For those who hate the idea of owning the toys, Starlink comes as both a Digital and Digital Deluxe version, with the former offering four ships, nine pilots, and a dozen weapons and the latter unlocking everything from the start. These are great options for those who want to play the game and don’t have room for the toys, as the Digital version costs the same as a standard game and the Deluxe only a bit more. While it’s nice to have this option, there is something to be said for seeing your ship in your hands and clicking each piece into place. I hope we see more iconic characters added to the roster in the future – who wouldn’t want to fly through the Atlas system as Samus, Captain Falcon, Master Chief, or any number of third party characters?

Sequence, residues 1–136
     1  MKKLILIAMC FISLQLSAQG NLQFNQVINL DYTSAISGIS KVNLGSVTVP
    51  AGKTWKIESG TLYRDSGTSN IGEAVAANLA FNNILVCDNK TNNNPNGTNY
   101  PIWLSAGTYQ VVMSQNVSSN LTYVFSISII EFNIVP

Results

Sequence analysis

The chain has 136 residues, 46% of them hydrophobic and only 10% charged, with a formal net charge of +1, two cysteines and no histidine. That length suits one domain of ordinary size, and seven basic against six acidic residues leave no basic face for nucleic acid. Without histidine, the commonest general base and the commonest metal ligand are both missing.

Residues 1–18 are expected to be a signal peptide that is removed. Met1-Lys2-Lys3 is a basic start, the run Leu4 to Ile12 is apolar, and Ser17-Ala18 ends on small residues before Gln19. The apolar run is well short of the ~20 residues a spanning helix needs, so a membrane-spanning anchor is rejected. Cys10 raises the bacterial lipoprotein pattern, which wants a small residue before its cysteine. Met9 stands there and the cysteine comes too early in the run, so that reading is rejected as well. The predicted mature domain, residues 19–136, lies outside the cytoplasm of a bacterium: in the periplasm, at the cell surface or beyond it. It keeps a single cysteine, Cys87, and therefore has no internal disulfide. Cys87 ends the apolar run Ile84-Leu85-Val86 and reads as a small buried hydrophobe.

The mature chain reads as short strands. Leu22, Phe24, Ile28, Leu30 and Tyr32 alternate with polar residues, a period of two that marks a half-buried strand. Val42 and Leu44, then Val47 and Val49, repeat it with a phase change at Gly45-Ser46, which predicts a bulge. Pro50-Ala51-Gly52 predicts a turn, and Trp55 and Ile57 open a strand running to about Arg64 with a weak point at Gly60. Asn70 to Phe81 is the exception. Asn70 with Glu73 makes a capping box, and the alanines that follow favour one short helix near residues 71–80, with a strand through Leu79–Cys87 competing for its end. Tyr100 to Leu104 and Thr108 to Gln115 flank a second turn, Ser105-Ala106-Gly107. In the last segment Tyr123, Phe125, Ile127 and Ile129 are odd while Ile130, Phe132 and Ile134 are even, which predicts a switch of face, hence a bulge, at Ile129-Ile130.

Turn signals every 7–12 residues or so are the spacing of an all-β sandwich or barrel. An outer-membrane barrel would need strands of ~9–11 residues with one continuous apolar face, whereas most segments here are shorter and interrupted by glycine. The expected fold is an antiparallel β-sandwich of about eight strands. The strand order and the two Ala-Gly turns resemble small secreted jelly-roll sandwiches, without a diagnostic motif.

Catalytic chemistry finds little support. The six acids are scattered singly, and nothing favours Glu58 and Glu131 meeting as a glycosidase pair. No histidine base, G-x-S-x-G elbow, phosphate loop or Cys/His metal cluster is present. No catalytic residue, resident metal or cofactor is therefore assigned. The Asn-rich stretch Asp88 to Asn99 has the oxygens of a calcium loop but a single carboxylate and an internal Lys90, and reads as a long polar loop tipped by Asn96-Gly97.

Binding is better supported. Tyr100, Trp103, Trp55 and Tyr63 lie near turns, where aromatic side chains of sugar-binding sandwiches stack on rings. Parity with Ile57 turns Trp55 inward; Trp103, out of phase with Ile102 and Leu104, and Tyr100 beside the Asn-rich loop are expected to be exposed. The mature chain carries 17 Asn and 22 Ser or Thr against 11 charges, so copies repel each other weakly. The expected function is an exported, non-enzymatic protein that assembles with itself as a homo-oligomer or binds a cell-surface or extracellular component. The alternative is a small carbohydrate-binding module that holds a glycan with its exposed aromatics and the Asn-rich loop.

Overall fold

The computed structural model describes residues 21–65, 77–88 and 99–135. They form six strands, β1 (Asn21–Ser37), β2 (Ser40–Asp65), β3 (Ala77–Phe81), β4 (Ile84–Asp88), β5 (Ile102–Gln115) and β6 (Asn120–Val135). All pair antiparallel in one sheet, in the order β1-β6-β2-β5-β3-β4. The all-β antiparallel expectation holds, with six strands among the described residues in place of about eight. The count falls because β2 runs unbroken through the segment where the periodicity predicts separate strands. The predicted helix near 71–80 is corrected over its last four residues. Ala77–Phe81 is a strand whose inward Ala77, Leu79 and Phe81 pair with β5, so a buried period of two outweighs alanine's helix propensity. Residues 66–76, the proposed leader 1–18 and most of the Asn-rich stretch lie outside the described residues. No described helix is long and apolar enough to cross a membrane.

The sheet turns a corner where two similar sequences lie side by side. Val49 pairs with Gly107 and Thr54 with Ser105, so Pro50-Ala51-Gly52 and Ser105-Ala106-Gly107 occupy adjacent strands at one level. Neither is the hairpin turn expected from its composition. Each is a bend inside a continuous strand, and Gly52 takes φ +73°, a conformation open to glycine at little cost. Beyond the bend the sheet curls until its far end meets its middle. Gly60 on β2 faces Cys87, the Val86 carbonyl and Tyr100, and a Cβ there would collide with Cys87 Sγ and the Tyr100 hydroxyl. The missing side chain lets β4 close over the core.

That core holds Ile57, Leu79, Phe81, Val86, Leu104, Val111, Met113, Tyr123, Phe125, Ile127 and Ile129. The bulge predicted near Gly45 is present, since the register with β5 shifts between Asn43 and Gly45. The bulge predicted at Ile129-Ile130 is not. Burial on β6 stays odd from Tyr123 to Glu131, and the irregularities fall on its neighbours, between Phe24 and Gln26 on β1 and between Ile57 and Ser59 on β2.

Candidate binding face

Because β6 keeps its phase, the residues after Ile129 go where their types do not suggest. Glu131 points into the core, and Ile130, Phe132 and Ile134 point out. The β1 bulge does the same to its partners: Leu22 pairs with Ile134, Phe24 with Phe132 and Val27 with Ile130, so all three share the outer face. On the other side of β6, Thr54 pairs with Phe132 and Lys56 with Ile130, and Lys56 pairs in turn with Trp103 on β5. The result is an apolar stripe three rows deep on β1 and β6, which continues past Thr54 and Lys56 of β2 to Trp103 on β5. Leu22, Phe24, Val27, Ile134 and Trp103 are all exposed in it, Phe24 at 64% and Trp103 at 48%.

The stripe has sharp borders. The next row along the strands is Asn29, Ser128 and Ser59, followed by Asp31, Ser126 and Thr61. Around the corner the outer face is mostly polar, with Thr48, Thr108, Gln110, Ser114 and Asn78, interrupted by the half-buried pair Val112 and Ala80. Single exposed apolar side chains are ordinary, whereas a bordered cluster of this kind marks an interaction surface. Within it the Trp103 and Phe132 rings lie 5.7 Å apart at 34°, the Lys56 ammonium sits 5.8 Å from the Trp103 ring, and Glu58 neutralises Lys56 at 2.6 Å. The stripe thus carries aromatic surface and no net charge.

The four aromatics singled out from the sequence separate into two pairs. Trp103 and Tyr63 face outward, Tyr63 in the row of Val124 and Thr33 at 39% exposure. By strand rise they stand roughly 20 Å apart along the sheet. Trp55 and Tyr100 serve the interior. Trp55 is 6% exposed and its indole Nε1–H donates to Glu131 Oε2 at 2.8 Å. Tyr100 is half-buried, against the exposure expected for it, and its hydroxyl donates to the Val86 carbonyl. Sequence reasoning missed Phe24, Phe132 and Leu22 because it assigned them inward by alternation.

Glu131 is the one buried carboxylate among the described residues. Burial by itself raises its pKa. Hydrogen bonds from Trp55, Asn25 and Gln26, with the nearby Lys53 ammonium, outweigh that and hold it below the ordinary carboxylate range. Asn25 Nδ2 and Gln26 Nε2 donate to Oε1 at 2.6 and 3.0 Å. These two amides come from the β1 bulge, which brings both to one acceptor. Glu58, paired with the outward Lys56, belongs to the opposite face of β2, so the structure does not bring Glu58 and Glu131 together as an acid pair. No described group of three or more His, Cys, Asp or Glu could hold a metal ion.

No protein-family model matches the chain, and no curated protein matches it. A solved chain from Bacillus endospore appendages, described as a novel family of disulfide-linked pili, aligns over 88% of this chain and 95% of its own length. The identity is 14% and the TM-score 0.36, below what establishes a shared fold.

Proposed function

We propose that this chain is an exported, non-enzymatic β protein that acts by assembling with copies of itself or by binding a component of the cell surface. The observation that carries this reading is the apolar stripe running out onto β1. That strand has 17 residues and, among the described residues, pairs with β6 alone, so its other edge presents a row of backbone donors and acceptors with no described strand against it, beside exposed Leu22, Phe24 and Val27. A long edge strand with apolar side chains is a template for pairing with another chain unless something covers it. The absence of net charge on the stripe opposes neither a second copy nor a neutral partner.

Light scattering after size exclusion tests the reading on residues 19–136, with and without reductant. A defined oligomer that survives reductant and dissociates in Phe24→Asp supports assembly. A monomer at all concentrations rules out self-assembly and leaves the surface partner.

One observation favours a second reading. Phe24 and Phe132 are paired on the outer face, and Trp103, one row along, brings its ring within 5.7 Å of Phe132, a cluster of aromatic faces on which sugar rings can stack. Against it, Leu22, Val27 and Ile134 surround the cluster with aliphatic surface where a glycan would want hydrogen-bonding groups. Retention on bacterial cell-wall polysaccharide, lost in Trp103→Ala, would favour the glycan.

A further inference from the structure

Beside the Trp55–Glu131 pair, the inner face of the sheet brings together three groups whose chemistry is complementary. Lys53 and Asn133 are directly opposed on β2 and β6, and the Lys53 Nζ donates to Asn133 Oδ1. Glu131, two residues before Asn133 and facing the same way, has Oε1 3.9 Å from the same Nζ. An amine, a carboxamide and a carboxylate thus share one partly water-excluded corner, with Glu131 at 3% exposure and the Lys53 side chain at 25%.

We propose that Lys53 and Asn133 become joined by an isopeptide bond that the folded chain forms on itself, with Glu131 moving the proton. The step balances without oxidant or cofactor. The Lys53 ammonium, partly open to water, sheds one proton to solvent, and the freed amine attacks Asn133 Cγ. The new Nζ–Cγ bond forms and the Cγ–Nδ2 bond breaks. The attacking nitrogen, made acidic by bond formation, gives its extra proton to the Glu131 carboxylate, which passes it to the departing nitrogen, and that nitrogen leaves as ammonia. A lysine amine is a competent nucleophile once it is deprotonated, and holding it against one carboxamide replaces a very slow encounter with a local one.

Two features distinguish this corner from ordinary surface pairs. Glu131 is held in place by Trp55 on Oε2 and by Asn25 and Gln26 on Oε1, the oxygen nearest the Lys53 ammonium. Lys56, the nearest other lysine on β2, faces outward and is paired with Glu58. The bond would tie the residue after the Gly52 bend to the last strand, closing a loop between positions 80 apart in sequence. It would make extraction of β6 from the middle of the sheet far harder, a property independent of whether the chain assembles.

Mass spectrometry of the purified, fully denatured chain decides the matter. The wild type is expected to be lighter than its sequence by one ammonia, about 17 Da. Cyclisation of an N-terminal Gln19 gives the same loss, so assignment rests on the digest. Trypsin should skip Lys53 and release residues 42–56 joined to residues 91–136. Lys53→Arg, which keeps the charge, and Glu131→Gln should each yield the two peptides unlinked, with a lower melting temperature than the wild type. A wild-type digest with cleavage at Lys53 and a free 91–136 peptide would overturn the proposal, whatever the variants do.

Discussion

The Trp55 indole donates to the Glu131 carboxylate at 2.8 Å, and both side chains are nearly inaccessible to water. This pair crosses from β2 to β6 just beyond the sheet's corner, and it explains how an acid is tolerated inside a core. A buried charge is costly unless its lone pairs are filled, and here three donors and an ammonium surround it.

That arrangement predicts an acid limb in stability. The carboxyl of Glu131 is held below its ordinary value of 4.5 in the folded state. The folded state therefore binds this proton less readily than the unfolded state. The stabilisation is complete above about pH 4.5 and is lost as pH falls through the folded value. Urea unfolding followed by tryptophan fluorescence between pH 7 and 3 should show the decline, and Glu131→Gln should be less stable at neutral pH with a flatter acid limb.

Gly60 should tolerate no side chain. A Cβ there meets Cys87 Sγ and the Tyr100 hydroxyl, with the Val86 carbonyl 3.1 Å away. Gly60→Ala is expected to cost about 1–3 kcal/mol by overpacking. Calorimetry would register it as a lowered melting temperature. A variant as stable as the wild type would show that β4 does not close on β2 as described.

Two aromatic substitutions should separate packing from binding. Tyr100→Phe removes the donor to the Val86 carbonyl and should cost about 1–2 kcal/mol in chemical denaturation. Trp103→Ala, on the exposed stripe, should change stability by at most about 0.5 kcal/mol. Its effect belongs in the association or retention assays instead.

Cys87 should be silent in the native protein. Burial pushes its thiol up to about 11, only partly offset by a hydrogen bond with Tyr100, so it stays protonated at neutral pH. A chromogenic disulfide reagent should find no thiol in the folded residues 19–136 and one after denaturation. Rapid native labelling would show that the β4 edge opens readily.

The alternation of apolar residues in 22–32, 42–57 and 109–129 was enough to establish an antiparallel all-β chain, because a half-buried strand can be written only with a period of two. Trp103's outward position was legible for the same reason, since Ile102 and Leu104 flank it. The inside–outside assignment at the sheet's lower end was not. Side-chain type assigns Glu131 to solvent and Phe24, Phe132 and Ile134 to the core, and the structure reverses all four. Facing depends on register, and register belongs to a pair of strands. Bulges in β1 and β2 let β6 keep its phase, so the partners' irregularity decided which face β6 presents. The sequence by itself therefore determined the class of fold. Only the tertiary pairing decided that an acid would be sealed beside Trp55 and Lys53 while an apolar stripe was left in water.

Starlink: Battle for Atlas is a fast-paced and gorgeous space adventure that offers the toys to life option for collectors and a strong digital edition for those who just want to play. With fantastic controls and epic music, the game is marred by a drop in texture from time to time and unfortunately repetitive and stale dialogue outside of the campaign. Building and leveling up ships is a lot of fun, and some of the battles can be truly epic. Starlink has quickly become a game hard to put down and I hope this is the beginning of a growing franchise.

**Nintendo Switch copy provided by the publisher**

The Good

  • Intuitive Controls
  • Challenging Combat
  • Satisfying Tactile Response
  • Stellar Lighting and Design
  • Build A Spaceship!

The Bad

  • Repetitive Dialogue
  • Repetitive Enemies
  • Occasional Flat Textures